Joe Curley is Senior Director HPC Platforms & Ecosystem Enabling at Intel, and he opened the agenda of Intel’s AI Day in Munich recently with his keynote on “Powering the Experiences of Tomorrow with Intel AI”, introducing Intel’s strategy for AI as he pronounced them “more than just a CPU company” in the age of artificial intelligence. AI Business reported on the event, and at lunchtime got the chance to speak to Joe to hear more about his thoughts on AI in the enterprise, Intel’s specific AI focuses and what is coming up in 2017 and beyond.

Joe Curley of Intel

“Massive – but also massively unpredictable”

This was Joe’s initial response when we asked him what the impact of AI will be on the business world in the next three to five years. He expanded on this point, citing a number of key industries such as energy, finance, healthcare and pharmaceuticals which will be transformed by the implementation of AI. Joe imagines that healthcare – in which Intel are heavily involved – could move from the realms of science fiction to “near-science”, for instance by “using AI simulation to classify cancer type from sparse data or saving large amounts of time in understanding the molecular assemblies that lead to cancers.”

Joe also believes energy and oil will undergo a paradigm shift: “currently seismic scans require massive amounts of data taken from a seismic survey. So, surveys have to be carried out hundreds of times to get projections – imagine if you could do have AI learn from the on the fly as the data is coming in. Finding the oil first is the key to winning the ball game; coming second isn’t much use.”

Becoming pervasive

When the Intel AI Day audience were asked to raise their hands if they had any experience with AI, just over an eighth of the room’s hands went up. Joe draws upon this survey, explaining that he sees AI technology still in its nascent stage – but not for much longer. “Algorithms that we have understood for a long time are becoming practical and being reduced into science, and becoming available and becoming optimised and can plug into infrastructure; that’s just happening now and it’s happening everywhere.”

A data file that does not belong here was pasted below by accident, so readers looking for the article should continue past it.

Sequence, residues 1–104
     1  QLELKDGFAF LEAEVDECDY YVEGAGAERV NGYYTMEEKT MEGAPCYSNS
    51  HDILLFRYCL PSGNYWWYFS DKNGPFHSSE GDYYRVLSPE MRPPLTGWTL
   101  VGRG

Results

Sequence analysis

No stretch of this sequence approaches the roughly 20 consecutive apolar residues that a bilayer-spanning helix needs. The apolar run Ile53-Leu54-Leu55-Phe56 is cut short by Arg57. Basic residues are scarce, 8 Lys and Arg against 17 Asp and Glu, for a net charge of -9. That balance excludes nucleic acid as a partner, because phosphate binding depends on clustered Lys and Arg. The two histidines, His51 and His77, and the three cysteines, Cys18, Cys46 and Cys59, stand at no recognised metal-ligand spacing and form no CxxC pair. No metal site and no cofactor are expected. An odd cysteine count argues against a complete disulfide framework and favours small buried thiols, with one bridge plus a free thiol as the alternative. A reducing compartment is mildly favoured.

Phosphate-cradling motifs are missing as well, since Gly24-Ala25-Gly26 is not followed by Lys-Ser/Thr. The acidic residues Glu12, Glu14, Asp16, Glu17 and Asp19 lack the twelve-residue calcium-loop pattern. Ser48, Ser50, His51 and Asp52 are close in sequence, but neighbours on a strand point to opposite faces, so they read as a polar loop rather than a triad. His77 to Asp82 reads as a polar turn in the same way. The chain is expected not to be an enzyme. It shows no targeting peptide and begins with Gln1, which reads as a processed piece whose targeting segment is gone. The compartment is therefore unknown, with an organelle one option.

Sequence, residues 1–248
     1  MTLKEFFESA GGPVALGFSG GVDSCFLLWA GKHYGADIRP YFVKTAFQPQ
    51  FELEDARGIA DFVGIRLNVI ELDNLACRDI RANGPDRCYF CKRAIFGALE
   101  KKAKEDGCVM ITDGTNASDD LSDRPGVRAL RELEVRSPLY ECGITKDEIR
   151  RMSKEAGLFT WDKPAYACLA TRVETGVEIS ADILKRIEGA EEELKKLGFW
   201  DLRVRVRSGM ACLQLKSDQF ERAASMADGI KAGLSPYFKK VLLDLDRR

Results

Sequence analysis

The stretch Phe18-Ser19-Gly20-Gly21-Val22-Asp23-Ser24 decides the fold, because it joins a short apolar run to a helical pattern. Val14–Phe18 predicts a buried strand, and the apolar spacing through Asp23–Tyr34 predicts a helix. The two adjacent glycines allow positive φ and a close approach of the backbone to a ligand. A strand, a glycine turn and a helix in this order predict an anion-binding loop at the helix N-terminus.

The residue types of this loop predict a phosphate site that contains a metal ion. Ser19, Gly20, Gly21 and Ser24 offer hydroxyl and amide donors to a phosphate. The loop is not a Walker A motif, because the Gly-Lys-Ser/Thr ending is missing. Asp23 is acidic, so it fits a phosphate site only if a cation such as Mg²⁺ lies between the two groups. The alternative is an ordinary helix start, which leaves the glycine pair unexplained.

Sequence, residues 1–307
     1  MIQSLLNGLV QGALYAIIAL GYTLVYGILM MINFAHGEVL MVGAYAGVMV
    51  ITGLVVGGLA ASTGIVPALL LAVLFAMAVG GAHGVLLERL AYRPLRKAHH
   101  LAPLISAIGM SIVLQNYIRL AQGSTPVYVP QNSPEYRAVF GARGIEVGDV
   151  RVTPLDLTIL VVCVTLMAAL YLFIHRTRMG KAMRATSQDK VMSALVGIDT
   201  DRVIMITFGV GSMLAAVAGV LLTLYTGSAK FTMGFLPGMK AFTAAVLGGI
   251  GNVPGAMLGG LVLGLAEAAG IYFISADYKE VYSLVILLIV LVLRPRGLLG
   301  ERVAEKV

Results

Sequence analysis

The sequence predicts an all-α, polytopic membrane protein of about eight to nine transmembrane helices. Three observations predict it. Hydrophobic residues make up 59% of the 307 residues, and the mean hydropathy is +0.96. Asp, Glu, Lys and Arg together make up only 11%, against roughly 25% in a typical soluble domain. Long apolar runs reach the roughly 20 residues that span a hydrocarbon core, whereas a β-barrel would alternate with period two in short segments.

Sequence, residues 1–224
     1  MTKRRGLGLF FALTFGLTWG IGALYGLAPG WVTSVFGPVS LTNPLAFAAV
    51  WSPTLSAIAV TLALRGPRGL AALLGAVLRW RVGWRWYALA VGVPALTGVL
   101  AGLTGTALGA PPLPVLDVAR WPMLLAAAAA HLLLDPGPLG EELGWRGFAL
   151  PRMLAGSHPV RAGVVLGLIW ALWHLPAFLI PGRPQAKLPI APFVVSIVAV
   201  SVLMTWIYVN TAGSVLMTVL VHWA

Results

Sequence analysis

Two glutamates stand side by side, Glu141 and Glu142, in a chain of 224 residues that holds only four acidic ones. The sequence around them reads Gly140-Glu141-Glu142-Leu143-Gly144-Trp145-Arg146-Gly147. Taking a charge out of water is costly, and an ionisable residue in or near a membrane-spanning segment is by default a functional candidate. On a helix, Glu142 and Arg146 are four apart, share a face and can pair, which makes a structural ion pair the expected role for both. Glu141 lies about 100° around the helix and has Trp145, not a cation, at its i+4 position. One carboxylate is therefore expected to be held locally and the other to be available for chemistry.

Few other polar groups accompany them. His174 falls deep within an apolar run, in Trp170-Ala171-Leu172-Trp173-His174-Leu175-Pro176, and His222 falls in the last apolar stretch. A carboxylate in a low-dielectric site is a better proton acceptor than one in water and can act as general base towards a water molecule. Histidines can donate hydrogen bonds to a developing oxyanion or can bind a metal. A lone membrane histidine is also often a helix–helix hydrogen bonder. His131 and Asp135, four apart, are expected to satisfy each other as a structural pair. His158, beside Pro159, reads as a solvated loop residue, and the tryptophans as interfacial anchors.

So how long does Joe think it will be till everyone’s hands in the room go up to declare their involvement in AI? “The interesting thing is that when everyone’s hand goes up it will probably be the machine that’s answering for you,” Joe says. “When technologies become pervasive they begin by solving very specific problems, but then start to enter other platforms as they are optimised and become more cost-effective. Artificial intelligence will become pervasive, and the vast majority of people won’t even know that it is there”. While he couldn’t put a date on AI becoming pervasive, Joe pointed out the projections of many self-driving car manufacturers, who are setting their sights on the release of self-driving cars at the turn of the decade, as a telling sign that revolutionary possibilities are just around the corner.

Collaborative steps forward

But the path to success for such bold projections is not necessarily a smooth one. Joe cites “availability and uniqueness” of the technology as two key factors required for increased implementation of AI. So what steps are Intel taking to make AI-powered computing and an AI-enabled business world a reality? Joe and his team at Intel believe in a collaborative approach, and therefore are working with open-source communities, academia as well as the enterprise. “It really does take an ecosystem”, he says, “and one thing we have learnt is that we all rise together.”  He expands on this to explain their strategy within this ecosystem: “We are working on taking the early versions of these open-source frameworks such as Caffe and TensorFlow and making them run at high performance on general purpose infrastructure. Intel can engage the community and adopt it, and build it out from its initial experimental stage to larger scale”.

The fourth industrial revolution

We move on to discuss the implications of the AI progression on the workforce – how will employees be affected by and respond to the increased prevalence of AI systems? For his answer, Joe refers to Jevons paradox, which he defines in the context of IT: “As technologies create efficiencies that in theory reduce the need for a commodity, new uses actually create demand that actually increased the need for that commodity. Lately in IT people have looked at it in the terms of how cloud computing should reduce the need some servers, but in fact it’s grown as new efficiencies create new uses.” He adds that “by building better technology people can do more work in much more efficient and cost-effective way.” Joe concludes our conversation by looking to the past in order to look to the future: “there is always fear and uncertainty and doubt around new technology, but in past industrial revolutions we have seen this happen again and again and again.”

By approaching the fourth industrial revolution with their 360-degree approach to open-source communities, academia and the enterprise, it certainly looks like 2017 is going to be a big year for AI at Intel.

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